- The Washington Times - Wednesday, March 18, 2009

SHANGHAI (AP) - Asia’s stock market rally seemed to be running out of steam Wednesday, despite an overnight surge on Wall Street, as investors cashed in on recent gains amid persistent doubts about the outlook for the global economy.

“So far, the market has followed the U.S. rebound, but the index is facing resistance,” said Castor Pang, an analyst at Sun Hung Kai Financial in Hong Kong. “The rebound has almost reached its limit,” he said, noting that turnover in most markets is not rising quickly enough to suggest a recovery.

Hong Kong’s Hang Seng index led the region, gaining 204.30 points, or 1.5 percent, to 13,082.77, while Shanghai’s benchmark Composite Index added 0.5 percent to 2,229.72.

Tokyo’s Nikkei 225 stock average briefly surpassed 8,000 for the first time in a month, but succumbed to selling as investors cashed in on recent gains. As afternoon trading began, the index slid 0.5 percent to 7,910.94.

Australia’s benchmark S&P;/ASX 200 edged 0.1 percent lower to 3,449.50 after miner Rio Tinto dropped 8.6 percent on worries over its deal with Aluminum Corp. of China. South Korea’s key index was flat.

Wall Street got a surprise boost Tuesday, posting its fifth gain in six trading sessions, from a government report that home construction picked up in February. The news, which was unexpected, injected new energy into a week-old rally.

Banking shares in Asia extended gains, with Mitsubishi UFJ Financial Group up more than 1 percent and Mizuho Financial Group advancing more than 3 percent.

In China, major steel maker Baoshan Iron & Steel gained 2.3 percent and airlines were mostly higher, with China Eastern Airlines surging 4.9 percent and Air China gaining 2.4 percent.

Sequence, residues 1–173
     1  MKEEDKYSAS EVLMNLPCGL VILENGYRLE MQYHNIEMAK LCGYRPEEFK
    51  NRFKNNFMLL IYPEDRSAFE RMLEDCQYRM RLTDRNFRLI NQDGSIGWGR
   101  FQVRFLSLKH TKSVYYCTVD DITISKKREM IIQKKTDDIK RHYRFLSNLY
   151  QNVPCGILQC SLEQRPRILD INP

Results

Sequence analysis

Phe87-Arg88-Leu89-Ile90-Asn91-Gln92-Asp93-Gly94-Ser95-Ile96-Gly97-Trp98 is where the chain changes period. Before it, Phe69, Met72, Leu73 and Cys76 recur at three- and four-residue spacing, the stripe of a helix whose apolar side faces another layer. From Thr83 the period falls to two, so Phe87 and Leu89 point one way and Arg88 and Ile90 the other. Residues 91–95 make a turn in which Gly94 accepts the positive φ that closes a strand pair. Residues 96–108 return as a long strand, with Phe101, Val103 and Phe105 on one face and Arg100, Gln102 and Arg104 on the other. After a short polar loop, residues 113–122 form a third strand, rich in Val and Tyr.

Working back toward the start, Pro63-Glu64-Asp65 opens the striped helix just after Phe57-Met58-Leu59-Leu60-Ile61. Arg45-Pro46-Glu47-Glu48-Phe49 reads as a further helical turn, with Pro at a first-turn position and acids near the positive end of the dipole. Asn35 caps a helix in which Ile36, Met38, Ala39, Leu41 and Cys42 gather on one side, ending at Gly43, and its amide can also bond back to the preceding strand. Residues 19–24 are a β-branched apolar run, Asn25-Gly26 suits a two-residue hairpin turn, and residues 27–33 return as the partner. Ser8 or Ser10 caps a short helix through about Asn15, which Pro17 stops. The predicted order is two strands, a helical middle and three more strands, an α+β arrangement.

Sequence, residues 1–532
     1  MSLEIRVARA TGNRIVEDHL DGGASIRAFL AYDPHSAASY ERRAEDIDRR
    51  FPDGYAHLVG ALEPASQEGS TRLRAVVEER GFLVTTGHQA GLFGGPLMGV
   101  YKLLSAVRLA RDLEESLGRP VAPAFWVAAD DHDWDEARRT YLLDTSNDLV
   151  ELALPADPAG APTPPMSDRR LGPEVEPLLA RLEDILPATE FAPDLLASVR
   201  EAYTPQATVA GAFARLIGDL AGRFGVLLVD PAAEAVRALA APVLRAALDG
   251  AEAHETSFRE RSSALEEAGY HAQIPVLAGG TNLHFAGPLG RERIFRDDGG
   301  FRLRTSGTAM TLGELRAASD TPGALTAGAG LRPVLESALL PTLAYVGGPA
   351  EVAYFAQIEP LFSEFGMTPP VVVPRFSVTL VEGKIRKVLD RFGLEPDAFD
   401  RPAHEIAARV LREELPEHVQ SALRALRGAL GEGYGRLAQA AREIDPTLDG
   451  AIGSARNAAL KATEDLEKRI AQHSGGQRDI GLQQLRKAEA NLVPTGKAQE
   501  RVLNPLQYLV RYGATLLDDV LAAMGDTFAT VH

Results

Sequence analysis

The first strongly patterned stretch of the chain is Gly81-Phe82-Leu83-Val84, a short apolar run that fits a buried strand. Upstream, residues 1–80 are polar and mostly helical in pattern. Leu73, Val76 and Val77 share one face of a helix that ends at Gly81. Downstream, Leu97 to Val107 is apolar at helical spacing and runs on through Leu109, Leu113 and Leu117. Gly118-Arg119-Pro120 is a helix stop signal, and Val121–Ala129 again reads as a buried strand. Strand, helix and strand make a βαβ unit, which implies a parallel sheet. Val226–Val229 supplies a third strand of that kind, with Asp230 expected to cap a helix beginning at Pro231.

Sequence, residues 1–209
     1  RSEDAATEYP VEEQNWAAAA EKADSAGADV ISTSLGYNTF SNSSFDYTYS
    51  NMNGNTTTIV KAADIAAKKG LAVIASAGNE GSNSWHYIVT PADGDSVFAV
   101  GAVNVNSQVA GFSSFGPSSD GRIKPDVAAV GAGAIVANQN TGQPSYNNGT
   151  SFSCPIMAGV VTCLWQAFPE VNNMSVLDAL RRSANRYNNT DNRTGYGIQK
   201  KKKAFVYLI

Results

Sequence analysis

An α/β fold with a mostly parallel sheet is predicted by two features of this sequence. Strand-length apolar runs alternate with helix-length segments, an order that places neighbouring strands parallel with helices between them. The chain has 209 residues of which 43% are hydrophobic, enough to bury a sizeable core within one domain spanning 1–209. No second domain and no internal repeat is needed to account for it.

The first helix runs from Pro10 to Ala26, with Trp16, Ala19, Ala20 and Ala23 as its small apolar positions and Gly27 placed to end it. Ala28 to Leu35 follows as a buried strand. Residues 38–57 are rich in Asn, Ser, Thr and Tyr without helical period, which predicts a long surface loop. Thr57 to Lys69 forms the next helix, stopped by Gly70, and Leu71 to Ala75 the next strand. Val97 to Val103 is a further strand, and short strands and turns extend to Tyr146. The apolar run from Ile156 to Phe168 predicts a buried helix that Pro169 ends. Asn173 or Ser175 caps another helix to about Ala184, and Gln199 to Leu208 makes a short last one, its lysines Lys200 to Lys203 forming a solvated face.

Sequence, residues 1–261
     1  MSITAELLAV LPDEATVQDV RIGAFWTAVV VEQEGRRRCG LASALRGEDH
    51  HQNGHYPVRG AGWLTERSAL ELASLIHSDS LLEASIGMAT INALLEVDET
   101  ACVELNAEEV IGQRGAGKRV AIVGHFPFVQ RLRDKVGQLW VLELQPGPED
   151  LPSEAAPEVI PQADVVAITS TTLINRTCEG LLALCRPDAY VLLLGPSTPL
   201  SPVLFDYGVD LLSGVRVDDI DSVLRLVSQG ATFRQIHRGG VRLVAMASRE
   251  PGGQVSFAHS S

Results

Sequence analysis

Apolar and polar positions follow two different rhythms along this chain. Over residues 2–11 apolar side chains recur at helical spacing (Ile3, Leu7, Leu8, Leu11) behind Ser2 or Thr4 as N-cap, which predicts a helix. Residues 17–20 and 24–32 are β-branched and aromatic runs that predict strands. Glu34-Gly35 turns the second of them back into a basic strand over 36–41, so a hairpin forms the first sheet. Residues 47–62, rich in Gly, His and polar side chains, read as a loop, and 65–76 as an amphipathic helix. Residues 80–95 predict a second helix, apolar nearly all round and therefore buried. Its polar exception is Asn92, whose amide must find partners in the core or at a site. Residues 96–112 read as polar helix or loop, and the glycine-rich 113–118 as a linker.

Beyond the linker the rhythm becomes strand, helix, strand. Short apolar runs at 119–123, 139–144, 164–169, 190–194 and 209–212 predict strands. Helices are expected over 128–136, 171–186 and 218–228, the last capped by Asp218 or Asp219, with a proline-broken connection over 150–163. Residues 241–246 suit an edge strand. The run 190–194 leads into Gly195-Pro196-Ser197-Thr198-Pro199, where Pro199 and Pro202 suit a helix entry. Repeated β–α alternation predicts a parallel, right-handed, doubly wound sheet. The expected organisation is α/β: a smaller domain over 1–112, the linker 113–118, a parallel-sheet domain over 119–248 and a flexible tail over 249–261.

Major banks fell back, with Industrial & Commercial Bank of China slipping 0.9 percent and Shanghai Pudong Development Bank falling 0.8 percent.

In New York Tuesday, the Dow Jones industrial average jumped 179 points, or 2.5 percent, to 7,395.70. The Standard & Poor’s 500 index climbed more than 3 percent.

U.S. stock index futures were down modestly, pointing to a lower open on Wall Street Wednesday. Dow futures were down 9 points, or 0.1 percent, while S&P; 500 futures were down 2.9 percent, or 0.4 percent.

In Europe, shares fell back Tuesday. Britain’s FTSE 100 fell 0.2 percent, Germany’s DAX index fell 1.4 percent, and France’s CAC-40 slid 0.9 percent.

Oil prices fell in Asian trading, with benchmark crude for April delivery declining 61 cents to $48.55 a barrel in electronic trading on the New York Mercantile Exchange.

In currencies, the dollar rose to 98.47 yen from 98.22 yen late Monday in New York, while the euro rose to $1.2996 from $1.2969.

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